And with that, Morgan dives in, popping the grill in his own mouth, choosing humor over hygiene: FULL POST
Coming up this evening at 9 p.m., "Piers Morgan Tonight" touches gloves, and comes out fighting, welcoming a pair of former undisputed world heavyweight champions to the program, for an insightful and entertaining two on one primetime interview.
Seated within reaching distance of Piers Morgan, longtime rivals Lennox Lewis and Evander Holyfield share details of their epic battles between the ropes:
"With me, it's never personal. It's a job, and I truly believe that we both have the right to be the very best that we can," says Holyfield, who twice fought Lewis in 1999, the first fight ending in a draw. "I train, he train, we get into who's the best that night. And then, when that night is over, I'm like 'brush it off.'"
For Lewis, the two 12 round matches against Holyfield were over with their respective final bells:
"We solved that all in the ring. We're obviously competitors, and we both feel that we're the best. And we step into the ring to prove it," says the 46-year-old London-native, who won the second bout by unanimous decision. "In the ring, we're trying to kill each other. I'm trying to knock him out, he's trying to knock me out. But afterwards, it's like, okay, we realize the sacrifice it takes just to be in the ring. We realize what we've gone through, and then, we leave it all in the ring."
In addition to their professional records, which include a combined 85 wins, as well as Olympic experiences (Holyfield won bronze in 1984, Lennox won gold in 1988,) the two warriors share an additional common bond, as each count Mike Tyson's teethmarks as battle scars: FULL POST
On Wednesday, four-time gold medalist Michael Johnson stopped by the "Piers Morgan Tonight" Olympic set in London and talked about "the chicken nugget eating, arrow firing, charismatic Jamaican" running talent, Usain Bolt.
"His style is not that great actually, which is amazing," said Johnson about Bolt's running style. "Because if he were, just imagine what he could run. He could run faster than his 9.58."
Johnson still insists that Bolt remains the front runner in the 100 meters. "You got to remember, he ran 9.58 to win the world championships," said Johnson. "That's his world record. So he's almost two tenths of a second faster than anyone else in the field. So he doesn't have to be at 100 percent."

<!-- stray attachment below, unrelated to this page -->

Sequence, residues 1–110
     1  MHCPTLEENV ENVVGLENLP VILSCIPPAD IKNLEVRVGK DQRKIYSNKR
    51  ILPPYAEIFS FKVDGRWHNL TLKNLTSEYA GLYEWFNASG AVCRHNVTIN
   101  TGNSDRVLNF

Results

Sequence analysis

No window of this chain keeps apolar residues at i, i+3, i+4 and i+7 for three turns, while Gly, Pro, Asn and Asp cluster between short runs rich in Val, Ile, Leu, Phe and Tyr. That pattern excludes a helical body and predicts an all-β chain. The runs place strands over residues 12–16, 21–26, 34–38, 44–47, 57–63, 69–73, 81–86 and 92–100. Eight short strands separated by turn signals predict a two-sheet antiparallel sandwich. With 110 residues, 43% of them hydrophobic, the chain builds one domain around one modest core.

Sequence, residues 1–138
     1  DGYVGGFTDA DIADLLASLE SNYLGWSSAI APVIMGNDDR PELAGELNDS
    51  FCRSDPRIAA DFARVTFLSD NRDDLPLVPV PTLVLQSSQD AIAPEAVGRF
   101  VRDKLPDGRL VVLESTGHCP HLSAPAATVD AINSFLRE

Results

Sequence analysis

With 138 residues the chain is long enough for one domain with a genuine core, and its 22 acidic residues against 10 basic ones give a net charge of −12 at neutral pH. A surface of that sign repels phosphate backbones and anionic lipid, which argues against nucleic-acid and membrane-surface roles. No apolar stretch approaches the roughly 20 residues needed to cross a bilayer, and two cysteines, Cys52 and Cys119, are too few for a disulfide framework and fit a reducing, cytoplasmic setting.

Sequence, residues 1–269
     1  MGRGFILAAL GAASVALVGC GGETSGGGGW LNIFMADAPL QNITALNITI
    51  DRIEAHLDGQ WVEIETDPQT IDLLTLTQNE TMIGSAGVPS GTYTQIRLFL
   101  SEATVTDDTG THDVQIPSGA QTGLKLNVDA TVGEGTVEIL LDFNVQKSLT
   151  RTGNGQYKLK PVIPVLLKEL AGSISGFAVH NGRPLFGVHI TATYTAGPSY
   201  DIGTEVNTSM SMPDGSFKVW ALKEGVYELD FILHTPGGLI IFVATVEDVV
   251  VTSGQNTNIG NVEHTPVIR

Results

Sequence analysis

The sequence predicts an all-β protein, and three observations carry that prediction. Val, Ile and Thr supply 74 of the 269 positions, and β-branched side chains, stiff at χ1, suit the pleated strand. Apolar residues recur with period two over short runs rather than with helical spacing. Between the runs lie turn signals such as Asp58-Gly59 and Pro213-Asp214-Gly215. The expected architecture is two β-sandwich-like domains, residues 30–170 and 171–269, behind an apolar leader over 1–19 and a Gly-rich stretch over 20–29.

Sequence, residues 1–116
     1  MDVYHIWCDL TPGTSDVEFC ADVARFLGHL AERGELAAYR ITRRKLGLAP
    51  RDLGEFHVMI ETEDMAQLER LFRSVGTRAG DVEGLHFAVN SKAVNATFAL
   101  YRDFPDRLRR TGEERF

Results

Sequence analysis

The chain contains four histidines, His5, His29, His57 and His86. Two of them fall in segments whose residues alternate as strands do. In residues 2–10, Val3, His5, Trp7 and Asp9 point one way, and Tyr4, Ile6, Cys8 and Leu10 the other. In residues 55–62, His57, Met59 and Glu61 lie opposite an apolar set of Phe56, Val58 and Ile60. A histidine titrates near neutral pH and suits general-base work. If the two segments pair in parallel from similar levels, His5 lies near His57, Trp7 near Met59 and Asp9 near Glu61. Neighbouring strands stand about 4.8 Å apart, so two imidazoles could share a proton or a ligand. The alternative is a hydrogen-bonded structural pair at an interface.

Former Olympian and chairman of the 2012 London Olympics Sebastian Coe was also on the program and discussed Michael Phelps' 19th medal win, making Phelps the most decorated Olympian in history. Coe noted that although Phelps' achievement made him "certainly the most successful and prolific medal winner," he wasn't necessarily "the greatest", pointing out the statistical difference between winning medals in track and field and in swimming. FULL POST
Coming up this evening at 9 p.m., "Piers Morgan Tonight" welcomes one of the most revered Olympic athletes of all time – four-time gold medal winning diver Greg Louganis – for an honest and revealing sit down interview.
Joining Piers Morgan face to face in London, the three-time Olympian opens up about testing positive for HIV more than two decades ago, and the fears that subsequently followed:
"Back in 1988 when I was diagnosed with HIV, we thought of HIV as a death sentence," he shares. "Honestly, I didn't think that I'd see 30." Now 52 years old, Louganis is at the 2012 Games serving as a mentor to the US diving team, his first visit to the Summer Olympics in 16 years.
On the heels of the recent controversy surrounding restaurant chain Chick-fil-A's support of the traditional family unit, Morgan asks for his guest's perspective: FULL POST
Coming up this evening at 9 p.m., "Piers Morgan Tonight" welcomes Olympian Kim Rhode for an insightful and candid conversation that comes amidst remarkable achievement in her particular discipline, double trap and skeet shooting.
Joining Piers Morgan in London, on the heels of a world record-tying performance, the guest is asked to share her unique perspective on the recent shooting at a movie theater in Aurora, CO:
"As someone who's a professional marksman," begins Morgan, "what do you think about the whole debate that's raging again about gun control and so on?"
A five-time Olympic medal winner and six-time national champion, Rhode sees no comparison between her craft, and the movie theater massacre of July 20th:
"I think it's really sad, too, that the news gets those lines blurred between the news and the sport," says the 33-year-old. "Really, the sport of shooting is about responsibility, discipline, focus. And that's really what we represent here at the Olympics."
Having won her first world championship title at the age of 13, Rhode grew up around shooting, seeing it as an activity of virtue, and integrity: FULL POST